• Okay, we just lost our younger demographic. So, in the interest of equal time, Hawk Nelson now has a new lead singer.
  • In other music news, here’s 15 Tips for Bloggers from John Newton, the “Amazing Grace” guy and brother to Fig. I hope my family doesn’t notice #14.
  • You don’t usually think of English language Bible commentaries as being tainted by Western culture, but you will upon learning about the Africa Study Bible.
  • The daughter of Teen Mania founder Ron Luce was the only survivor of a weekend plane crash involving five people heading to a youth conference
  • Is it possible that the study saying that religious people are less compassionate is true? Or are they giving more out of moral obligation than emotional response?
  • Here’s a debrief of the movie Courageous; all the movie trivia and hidden details you never knew. And now you know the rest of the story.
  • For those who need to know, here’s a list of all the Christian colleges that have a gay-friendly organizations on or off campus. Is that Wheaton I see on this list? And Biola?
  • Philip Yancey pays the price of frequent mountain climbing in Colorado and undergoes knee surgery. He also explains what they do to make sure it’s the right correct knee.
  • Tony Jones writes, “Catholicism in America seems to continue its quest for irrelevance via misogyny;” and then reblogs a CNN story about a Catholic school that would rather forfeit a championship game than play a team fielding a girl on second base.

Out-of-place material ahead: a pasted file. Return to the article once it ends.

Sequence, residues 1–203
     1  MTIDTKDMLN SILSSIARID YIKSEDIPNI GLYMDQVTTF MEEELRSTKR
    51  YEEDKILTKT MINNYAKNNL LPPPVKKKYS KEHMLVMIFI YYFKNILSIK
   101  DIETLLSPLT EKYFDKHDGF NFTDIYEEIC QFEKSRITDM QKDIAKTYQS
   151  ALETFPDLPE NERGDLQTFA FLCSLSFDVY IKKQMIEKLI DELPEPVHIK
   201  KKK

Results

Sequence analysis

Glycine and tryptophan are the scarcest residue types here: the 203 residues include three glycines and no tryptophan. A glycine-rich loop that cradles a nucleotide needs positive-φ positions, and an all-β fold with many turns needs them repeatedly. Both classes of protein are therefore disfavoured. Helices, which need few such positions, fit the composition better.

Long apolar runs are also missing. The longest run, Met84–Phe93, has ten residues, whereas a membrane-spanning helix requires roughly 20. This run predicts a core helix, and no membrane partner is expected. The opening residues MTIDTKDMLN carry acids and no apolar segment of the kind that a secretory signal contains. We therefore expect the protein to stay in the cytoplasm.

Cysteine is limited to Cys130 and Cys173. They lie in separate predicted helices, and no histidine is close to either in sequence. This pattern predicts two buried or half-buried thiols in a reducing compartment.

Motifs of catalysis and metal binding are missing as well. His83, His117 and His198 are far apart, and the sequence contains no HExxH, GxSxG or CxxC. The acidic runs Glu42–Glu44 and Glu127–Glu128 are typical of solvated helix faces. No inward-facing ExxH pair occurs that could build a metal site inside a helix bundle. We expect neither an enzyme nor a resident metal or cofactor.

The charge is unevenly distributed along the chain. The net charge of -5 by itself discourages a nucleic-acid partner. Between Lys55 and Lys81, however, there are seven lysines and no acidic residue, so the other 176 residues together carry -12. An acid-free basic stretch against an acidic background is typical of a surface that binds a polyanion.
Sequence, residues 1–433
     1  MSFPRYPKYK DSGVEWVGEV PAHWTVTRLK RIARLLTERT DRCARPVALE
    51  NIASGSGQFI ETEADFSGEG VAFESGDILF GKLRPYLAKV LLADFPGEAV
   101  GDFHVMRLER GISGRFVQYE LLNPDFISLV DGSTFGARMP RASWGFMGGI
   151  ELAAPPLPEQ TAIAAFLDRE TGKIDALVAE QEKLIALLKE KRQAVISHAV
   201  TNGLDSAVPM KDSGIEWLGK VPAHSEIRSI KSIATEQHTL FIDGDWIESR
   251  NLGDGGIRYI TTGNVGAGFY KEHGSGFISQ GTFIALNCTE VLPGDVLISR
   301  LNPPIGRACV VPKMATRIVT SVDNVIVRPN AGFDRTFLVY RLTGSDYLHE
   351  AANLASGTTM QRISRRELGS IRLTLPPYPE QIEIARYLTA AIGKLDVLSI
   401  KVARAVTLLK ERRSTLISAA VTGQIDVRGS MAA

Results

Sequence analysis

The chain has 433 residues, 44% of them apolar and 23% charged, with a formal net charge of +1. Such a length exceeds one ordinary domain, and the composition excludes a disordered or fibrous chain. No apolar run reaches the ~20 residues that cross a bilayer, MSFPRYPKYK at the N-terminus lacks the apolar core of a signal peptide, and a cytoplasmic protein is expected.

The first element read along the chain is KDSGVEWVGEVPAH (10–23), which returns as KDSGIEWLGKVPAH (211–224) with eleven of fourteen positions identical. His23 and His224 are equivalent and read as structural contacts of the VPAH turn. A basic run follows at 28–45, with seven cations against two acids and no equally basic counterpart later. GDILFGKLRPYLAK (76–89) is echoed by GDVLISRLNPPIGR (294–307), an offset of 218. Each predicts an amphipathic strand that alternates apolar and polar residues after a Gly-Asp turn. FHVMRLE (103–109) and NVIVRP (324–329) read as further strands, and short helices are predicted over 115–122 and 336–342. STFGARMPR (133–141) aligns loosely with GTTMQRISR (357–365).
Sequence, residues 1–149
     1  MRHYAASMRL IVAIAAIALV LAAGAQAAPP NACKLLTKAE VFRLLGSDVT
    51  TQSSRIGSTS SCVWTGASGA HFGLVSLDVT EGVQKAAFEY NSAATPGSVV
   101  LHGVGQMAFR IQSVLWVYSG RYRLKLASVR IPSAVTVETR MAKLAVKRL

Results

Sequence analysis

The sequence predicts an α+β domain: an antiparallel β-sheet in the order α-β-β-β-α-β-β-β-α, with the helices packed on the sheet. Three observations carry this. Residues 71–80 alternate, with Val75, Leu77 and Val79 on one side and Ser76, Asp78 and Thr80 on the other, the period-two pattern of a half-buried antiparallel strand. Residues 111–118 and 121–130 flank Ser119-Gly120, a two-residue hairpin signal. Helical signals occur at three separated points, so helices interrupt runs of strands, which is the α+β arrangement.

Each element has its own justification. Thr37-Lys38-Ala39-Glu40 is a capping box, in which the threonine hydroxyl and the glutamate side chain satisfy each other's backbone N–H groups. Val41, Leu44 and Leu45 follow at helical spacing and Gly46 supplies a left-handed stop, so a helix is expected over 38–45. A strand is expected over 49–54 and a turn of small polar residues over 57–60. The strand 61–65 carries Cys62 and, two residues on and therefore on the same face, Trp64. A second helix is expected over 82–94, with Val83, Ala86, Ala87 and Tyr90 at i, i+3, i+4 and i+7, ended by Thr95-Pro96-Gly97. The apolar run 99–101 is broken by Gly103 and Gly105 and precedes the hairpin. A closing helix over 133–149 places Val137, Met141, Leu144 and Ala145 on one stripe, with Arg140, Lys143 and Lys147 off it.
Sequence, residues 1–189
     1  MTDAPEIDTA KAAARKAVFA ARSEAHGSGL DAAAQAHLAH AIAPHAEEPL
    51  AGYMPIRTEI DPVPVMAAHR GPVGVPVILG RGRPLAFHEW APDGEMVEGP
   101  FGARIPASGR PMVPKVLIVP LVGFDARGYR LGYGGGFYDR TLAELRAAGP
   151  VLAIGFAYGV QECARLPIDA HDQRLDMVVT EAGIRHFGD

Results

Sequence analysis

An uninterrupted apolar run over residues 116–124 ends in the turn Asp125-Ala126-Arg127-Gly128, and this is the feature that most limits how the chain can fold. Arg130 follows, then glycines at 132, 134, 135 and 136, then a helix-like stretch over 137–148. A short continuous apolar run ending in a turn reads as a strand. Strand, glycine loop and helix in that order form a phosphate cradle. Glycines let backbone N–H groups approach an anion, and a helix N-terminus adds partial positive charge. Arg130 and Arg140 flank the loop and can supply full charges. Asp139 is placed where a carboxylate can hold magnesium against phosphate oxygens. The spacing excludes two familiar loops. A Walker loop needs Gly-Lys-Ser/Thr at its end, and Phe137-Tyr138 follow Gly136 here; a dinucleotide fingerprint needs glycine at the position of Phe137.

• The proprietors of a Canadian website design company have a background in film production, which creates many different options for churches and Christian organizations.
  • E. Parson Ross isn’t the first person to do this, but her new book on Church Etiquette should be of help to the uninitiated.
  • The 133 member choir, Only Boys Aloud was amazing on Britain’s Got Talent, but this translation of their song’s lyrics shows it was actually a hymn; though the performance is inspiring in any language.
  • Apparently Satan doesn’t want people attending Redemption World Outreach Center in Greenville, South Carolina; or so two billboards in town say.
  • Many more to come — Lord willing — on Wednesday

June 3, 2009

Twitching, Twittering and Texting in Church

Filed under: Christianity, Church, worship — Tags: , , , , , , , , — paulthinkingoutloud @ 7:18 pm

TwitterI was using that hot new media format called Twitcher in church on Sunday, and was just about to post a Twitch when I noticed the woman across the aisle scowling at me.   Okay, there is no such thing as Twitching (in the media sense) but I thought the post title needed a third element.

A lot of people who Twitter do so in the middle of church services.    Recently Josh Harris posted six reasons why he’s not warm to the idea, but I liked reasons number three and five the best: